Truth: It takes a certain type of person with a certain type of personality to be a professional wedding DJ just like any other profession. For example, it takes a certain type of person to become a funeral director, a police officer, or a doctor. As professional DJ’s, we make our job “look easy” but in reality there are hours and hours of work that go into an event before we ever turn on a microphone, and in order to be a professional mobile DJ, we have to go through hours of training to know how to plan an event, work with clients, and have the necessary emcee skills to talk on a microphone.

5. Myth: I ran across this DJ online and he talked about his professional equipment and how many watts his speakers have. Since he has all this nice equipment that must mean he is a good, professional, DJ.

 Truth: Just like in Myth #4, it takes a certain person to be a professional wedding DJ. In reality, to say someone is qualified to be a professional DJ because they have professional DJ equipment is like saying someone is qualified to be a doctor because they went to a store and bought a stethoscope or a scrub suit. Unless this person has worked professionally with a mobile DJ or has had the necessary training, he isn’t qualified to be considered a “professional DJ” regardless of what kind of equipment he has. If you want a “professional performance” at your wedding reception then you should hire a professional DJ who is qualified to handle the planning, preparation, and the overall flow of your reception.

6. Myth: I need to save money so I’m going to look online and price shop to see what DJ is the cheapest and hire him. Either that or my friend said he would DJ my wedding. After all, all DJ’s do the same thing don’t they?

 Truth: All DJ’s don’t do the same thing. The cheaper, less expensive DJ’s, usually lack the experience and professionalism as professional DJ’s. Most of the time they have not had the adequate training (and you do need a lot of training to be a professional DJ), and they also lack the skills to run a successful business. A lot of times they may be young people just starting out and are pricing themselves cheap just to get work, but most of the time these “budget DJ’s” will leave the bride and groom very disappointed. Also, unless your “friend” is a professional mobile DJ, this is a route you will want to avoid as well because you may get the same results as if you had hired a “budget” DJ. Hiring a DJ based on “price” rather than “quality” will almost certainly leave you with regrets. In our area, a professional wedding DJ with all the traditional wedding reception events, professional setup, and professional planning will cost at least (bare minimum) $600, but if you hire a professional DJ you will see it was well worth the price in the end. If you decide to go with a “budget DJ”, you will probably get (at best) the same type of service as if you just hooked an IPOD up to speakers and programmed it yourself. (Please see my blog on “how to hire a DJ.)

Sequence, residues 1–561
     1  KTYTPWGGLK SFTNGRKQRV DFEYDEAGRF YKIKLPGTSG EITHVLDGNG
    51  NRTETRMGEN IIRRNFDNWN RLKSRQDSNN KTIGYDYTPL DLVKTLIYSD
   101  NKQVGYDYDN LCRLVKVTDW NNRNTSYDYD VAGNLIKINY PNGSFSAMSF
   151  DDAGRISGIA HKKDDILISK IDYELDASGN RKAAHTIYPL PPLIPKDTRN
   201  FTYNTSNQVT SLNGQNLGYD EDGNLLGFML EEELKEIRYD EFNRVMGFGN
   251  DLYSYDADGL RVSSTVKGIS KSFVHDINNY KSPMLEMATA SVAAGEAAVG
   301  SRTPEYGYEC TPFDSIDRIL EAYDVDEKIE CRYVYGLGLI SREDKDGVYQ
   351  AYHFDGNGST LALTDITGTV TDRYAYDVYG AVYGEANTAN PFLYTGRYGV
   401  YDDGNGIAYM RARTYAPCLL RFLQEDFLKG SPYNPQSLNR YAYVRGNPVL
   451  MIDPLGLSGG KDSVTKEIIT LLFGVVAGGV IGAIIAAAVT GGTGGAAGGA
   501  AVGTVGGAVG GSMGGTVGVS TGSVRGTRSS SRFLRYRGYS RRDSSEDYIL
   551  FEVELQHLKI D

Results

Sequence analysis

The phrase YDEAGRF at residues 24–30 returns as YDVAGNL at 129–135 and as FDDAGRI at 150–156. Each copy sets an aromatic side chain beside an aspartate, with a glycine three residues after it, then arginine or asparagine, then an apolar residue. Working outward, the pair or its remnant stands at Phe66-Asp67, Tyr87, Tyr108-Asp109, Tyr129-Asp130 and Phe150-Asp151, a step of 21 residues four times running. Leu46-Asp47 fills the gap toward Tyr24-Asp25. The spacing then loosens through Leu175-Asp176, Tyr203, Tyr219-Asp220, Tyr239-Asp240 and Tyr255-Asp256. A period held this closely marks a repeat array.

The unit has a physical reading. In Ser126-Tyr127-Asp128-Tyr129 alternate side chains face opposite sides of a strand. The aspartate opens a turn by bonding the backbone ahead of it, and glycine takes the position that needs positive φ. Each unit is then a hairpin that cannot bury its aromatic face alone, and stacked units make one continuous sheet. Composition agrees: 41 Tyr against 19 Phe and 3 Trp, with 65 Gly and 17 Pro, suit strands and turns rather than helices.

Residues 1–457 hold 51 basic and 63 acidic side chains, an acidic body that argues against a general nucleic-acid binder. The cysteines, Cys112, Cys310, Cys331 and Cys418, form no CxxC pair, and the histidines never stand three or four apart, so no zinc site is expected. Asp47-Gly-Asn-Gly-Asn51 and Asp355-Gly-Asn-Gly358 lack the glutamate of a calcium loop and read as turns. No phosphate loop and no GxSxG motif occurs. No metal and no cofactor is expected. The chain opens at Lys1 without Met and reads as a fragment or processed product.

Thanks for reading :-)   See you in the next blog!

Question: “When is the BEST time of year to get married?”

This past Sunday I was a vendor at the “Beautiful Beginnings Bridal Expo” in Pensacola. Soon-to-be brides came from all over to meet with vendors, watch a fashion show, and get informaiton about planning their wedding. During the 5 hour event, I had the opportunity to meet with hundreds of brides. A common question I got at the expo (and a common question I get when brides email me or call me) was “When is the best time of year to get married?” My answer is always “The best time of year to get married is based on your preferences.” Let me explain. (My explanation is based on my experiences in Northwest Florida. If you have found this blog through a web search and you live somwhere else, the “best time” may differ in your area.)

When I say “the best time of year to get married is based on your preferences”, there are some things to consider. For example, if you are planning a beach wedding, then you would probably want to plan your wedding between the months of April and October. The months of November, December, January, and February probably wouldn’t be good months to get married if you were planning a beach wedding simply because it would be freezing cold with the wind blowing on the beach.

However, let’s say you want to plan your wedding at a time when it’s slow for your vendors, easier to book a venue, or you want it to be a time when you can easily find vendors who aren’t booked up. If that is your preference, then probably January or February would be really good months for you. Let’s also say you don’t want to run the risk of a hurricane coming through and postponing or canceling your wedding, then anytime between December and May would be the best time for you to get married. If you want to have an outdoor wedding, but you don’t want it really hot, then you may want to consider the months of March, April, late September, or October.